Connect with us

Living

How to watch Oscars 2021 live: Channel, streaming and time

Published

on

How to watch Oscars 2021 live: Channel, streaming and time

The show is going on — more or less.

While the Oscars were delayed almost two months this year due to the COVID-19 pandemic, the ceremony is moving ahead with an in-person show at Los Angeles’ Union Station and the Dolby Theatre.

However, only presenters, nominees and their guests will be in attendance.

The producers are working hard to make sure the show is a must-see event amid low ratings for other awards shows during the pandemic.

But it’s been complicated to work around the safety protocols: Producers came under fire last month when they announced there would be a “no-Zoom” rule during the telecast. That would have been a significant departure from the Grammys and the Golden Globes — which both decided to take a virtual turn by having winners and nominees dial into the show via the video-streaming platform.

The producers later backed off on the rule, which would have left out overseas participants.

So, expect a mix of in-person festivities and the usual video conference setup this year. Here’s everything else you need to know about this year’s Oscars ceremony.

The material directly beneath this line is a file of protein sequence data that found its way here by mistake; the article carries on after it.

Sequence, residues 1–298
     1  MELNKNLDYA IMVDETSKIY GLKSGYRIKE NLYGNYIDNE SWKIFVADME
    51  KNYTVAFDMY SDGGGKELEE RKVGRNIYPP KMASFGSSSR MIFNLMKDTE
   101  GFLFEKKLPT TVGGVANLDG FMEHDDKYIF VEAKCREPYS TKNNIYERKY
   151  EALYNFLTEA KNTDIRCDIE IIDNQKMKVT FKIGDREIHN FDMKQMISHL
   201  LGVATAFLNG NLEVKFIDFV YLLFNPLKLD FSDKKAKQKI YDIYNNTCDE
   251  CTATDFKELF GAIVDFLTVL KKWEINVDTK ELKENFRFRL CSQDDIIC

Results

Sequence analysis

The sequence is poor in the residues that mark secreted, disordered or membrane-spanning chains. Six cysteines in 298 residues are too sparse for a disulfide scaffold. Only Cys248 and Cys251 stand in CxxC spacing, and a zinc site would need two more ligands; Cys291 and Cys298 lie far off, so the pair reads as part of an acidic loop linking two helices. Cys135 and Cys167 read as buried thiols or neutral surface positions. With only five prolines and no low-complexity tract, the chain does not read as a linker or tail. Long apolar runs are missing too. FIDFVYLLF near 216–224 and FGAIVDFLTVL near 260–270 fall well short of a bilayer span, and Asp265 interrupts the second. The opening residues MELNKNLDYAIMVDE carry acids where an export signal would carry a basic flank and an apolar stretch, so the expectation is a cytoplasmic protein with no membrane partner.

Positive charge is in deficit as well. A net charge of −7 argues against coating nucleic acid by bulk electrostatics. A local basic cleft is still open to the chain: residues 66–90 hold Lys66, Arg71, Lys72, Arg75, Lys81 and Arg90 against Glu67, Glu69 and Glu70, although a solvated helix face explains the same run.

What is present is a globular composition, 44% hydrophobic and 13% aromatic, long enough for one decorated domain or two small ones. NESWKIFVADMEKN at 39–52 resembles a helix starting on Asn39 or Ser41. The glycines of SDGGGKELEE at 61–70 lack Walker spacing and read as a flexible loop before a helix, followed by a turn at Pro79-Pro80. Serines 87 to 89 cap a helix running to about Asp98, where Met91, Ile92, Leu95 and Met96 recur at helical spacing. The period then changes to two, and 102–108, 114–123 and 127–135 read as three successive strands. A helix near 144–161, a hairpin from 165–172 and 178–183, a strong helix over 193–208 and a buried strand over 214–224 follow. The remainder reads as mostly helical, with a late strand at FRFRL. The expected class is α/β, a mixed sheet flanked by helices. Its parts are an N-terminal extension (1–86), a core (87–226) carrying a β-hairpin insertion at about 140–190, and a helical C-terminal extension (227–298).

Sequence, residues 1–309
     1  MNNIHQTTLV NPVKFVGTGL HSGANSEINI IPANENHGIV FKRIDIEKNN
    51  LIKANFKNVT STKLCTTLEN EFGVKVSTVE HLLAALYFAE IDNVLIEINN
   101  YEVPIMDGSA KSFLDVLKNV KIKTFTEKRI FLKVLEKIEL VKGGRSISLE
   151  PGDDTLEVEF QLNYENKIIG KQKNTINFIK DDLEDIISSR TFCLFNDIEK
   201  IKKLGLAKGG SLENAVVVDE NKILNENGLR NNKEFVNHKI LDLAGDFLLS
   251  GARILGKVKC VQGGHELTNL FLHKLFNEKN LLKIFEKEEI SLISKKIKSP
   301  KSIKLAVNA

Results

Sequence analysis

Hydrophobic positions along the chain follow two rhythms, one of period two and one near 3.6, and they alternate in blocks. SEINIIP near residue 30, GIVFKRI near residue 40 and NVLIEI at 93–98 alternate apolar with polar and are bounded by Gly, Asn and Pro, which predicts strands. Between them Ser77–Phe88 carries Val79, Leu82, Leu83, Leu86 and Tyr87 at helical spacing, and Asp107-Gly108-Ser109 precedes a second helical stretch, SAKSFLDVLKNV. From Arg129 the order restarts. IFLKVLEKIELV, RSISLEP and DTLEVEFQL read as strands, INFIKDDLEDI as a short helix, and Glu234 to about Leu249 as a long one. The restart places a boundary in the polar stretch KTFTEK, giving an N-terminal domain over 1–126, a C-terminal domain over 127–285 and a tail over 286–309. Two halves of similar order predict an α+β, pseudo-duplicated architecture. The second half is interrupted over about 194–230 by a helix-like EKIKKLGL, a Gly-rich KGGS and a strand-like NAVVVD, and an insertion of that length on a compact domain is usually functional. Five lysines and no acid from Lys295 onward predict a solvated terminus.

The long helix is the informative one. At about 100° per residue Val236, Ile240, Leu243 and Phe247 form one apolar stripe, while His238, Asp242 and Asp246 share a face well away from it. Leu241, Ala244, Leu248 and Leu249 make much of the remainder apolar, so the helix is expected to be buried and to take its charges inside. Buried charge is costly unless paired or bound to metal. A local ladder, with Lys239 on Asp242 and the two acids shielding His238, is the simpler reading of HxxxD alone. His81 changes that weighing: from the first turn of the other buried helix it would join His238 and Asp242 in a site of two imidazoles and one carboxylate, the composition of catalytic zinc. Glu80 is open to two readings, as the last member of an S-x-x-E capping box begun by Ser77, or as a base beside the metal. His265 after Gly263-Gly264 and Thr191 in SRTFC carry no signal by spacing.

What channel is the Oscars on?

The ceremony will be broadcast live on ABC on April 25 at 8 p.m. Eastern Standard Time.

Who is hosting this year?

For the third year in a row, there will be no Oscars host.

How to livestream the Oscars

You can watch the Oscars 2021 livestream on ABC’s website by logging in with your cable provider. Viewers can also tune in on the ABC app. The live show will also be available to watch on Hulu Live TV ($64.99/month) AT&T TV ($69.99/month), fuboTV ($64.99/month), or YouTube TV ($64.99/month). 

Who is nominated this year?

Nominees for the 93rd Academy Awards include David Fincher’s Netflix film “Mank,” a drama about “Citizen Kane” screenwriter Herman Mankiewicz. The black-and-white flick scored 10 nominations, including Best Picture, Best Director and Best Acting nods for Gary Oldman and Amanda Seyfried. “Nomadland,” “Minari,” “Sound of Metal” and “The Father” were each nominated for six awards apiece.  

For the first time in Oscars history, two women were nominated in the Best Director category this year. Chloé Zhao got a nod for her drama “Nomadland” while Emerald Fennell scored a nom for her black comedy “Promising Young Woman.”  

Chadwick Boseman was honored with a posthumous nomination for Best Actor for his role in “Ma Rainey’s Black Bottom.” Riz Ahmed (“Sound of Metal”), Steven Yeun (“Minari”), Viola Davis (“Ma Rainey’s Black Bottom”) and Andra Day (“The People vs. Billie Holiday”) also received nods for Best Actor/Actress. 

Who is presenting this year?